Udaipur
 

India has been on my bucket list since forever. This country has always intrigued me - the food, the history, the rich mix of sights and sounds and colors - it’s been drawing me in for a long time. So when we decided to do this whole travel thing, India was one of my must-do countries and I became a vocal advocate for us spending some extended time there. Because of that, the duty of planning our India itinerary fell to me. 

It's me, Jenny Temple, in a temple. 

It's me, Jenny Temple, in a temple. 

So I started reading up on India. By now I think I’ve read Lonely Planet India cover to cover at least 3 times and I can’t tell you how many hours of internet research I’ve logged. India is HUGE - you can’t really comprehend it until you start planning a trip and realize that there’s no way you could see everything you want even if you stayed here for years. It was so hard to choose which cities to go to - not only is there so much to see, but because India is incomprehensibly ginormous, getting between cities (even within the same state!) can take up a whole day. When we started planning we thought a month would be sufficient, but I soon realized I wanted more time. I went back and forth with Alex bargaining over the length of our stay - I wanted to do three months, he thought that was insane, and we finally settled on roughly six weeks. So with our time limit established, I started mapping out a potential route. 

Rajasthan is full of gorgeous wall art like this. 

Rajasthan is full of gorgeous wall art like this. 

I happened upon a blog post somewhere about Udaipur and found myself drawn in to the descriptions of a peaceful, small (for India) city on a lake. Plus it’s in Rajasthan, which is an incredibly vibrant state. And I knew that after Delhi we’d need some peace and quiet. And as a bonus it was reasonably close - only a 12-hour train journey from Delhi! Yes, that’s close in India. So I booked us tickets on an overnight train and we were on our way. 

We’ve been looking forward to riding trains here. It’s a quintessential part of the Indian travel experience and to be honest we prefer overland transportation to flying. On this train (our first in India), we were in 3AC, which is sort of like 3rd class but it’s air-conditioned and there are several non-AC classes below it. It was a little bit crowded, with 6 people in each berth plus 2 on the other side of the hallway, but we booked top bunks so we were able to get some shut-eye. Plus, we were enthralled by the novelty of the situation. At every stop, guys would come onboard selling everything from chai to chocolate to playing cards. It seemed like there was nonstop activity. It was so fun to be part of the action.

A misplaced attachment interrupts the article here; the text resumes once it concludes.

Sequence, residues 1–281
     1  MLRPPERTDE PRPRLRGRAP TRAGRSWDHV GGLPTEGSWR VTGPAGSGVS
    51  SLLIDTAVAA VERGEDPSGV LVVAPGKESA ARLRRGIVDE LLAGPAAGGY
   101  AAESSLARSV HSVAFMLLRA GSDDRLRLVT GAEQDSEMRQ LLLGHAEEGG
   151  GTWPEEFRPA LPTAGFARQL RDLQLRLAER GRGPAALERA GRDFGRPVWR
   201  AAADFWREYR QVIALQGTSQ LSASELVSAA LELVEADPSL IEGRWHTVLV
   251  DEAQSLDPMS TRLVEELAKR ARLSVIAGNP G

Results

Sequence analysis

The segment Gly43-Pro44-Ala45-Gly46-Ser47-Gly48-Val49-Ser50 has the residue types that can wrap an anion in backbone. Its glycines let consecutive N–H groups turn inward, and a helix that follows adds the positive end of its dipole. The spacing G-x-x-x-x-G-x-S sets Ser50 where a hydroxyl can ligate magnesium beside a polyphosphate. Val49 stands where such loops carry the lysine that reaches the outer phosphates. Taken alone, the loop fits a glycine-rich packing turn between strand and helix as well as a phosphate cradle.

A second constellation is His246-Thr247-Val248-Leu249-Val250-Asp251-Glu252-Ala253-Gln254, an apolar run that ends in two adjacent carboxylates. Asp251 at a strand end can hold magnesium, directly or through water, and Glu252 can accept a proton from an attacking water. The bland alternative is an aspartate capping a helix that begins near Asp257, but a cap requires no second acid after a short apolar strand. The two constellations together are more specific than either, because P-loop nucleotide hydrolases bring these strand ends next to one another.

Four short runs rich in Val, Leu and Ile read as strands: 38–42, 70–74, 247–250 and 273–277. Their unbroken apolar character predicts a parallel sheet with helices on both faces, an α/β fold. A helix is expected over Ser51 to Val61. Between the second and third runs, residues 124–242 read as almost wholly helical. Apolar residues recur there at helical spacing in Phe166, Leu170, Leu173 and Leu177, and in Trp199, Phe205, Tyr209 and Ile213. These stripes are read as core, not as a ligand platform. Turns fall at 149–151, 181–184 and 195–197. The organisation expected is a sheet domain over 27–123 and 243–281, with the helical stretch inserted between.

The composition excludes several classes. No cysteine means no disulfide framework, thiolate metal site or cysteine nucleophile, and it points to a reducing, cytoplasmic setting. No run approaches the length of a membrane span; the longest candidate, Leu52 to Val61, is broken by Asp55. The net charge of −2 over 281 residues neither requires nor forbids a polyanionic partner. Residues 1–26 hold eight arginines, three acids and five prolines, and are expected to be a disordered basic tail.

This is one of the wider streets in Udaipur. 

This is one of the wider streets in Udaipur. 

When we got to Udaipur, we got an Uber to our guesthouse. Yes, Uber exists in India and it has been an absolute godsend, because taxi/autorickshaw drivers ALWAYS try to rip you off, and it’s nice to have a hassle-free ride. The thing about Udaipur, though, is that the streets are super narrow in the old part of the city, so we couldn’t make it all the way to the front door of our guesthouse - we had to get out and walk the last couple blocks. And walking in Udaipur is fun, because not only are there people and dogs and motorbikes everywhere, there are also SO MANY COWS. Cows are sacred in India, of course, and so I guess people just let them roam free? We couldn’t really understand it. Some had collars or tags, but others didn’t - they just kinda hung out, scavenging in piles of trash for snacks and lounging around in the shade. They don’t bother people at all and I’d much rather be in a dark alley with a herd of Indian cows than a pack of territorial Indian dogs, but it was just funny seeing them cause traffic jams all the time.

Within the old city of Udiapur, it was easy to walk everywhere (apart from the cows, obviously), which was a breath of fresh air after Delhi where everything is spread out and traffic is a nightmare. Udaipur has a lot of interesting sights ranging from temples to palaces and more, and its claim to fame is that the James Bond movie Octopussy was filmed here. The residents here love capitalizing on that fact: many guesthouses and restaurants offer nightly showings of the movie, so if you’re a Bond fan I guess this is the place to be. 

The Taj lake palace from Octopussy. 

The Taj lake palace from Octopussy. 

We didn’t catch any showings of Octopussy, but we occupied ourselves with plenty of other activities. One highlight was taking a boat ride around Lake Pichola to view the city and also cruise past Jag Mandir, which is a palace in the middle of the lake that is now a luxury hotel. You can actually visit the hotel for tea or dinner, but we were too cheap for that and decided to view it from a safe distance in our 300-rupee boat. The palace’s architecture is absolutely stunning, which has been a recurring theme in India.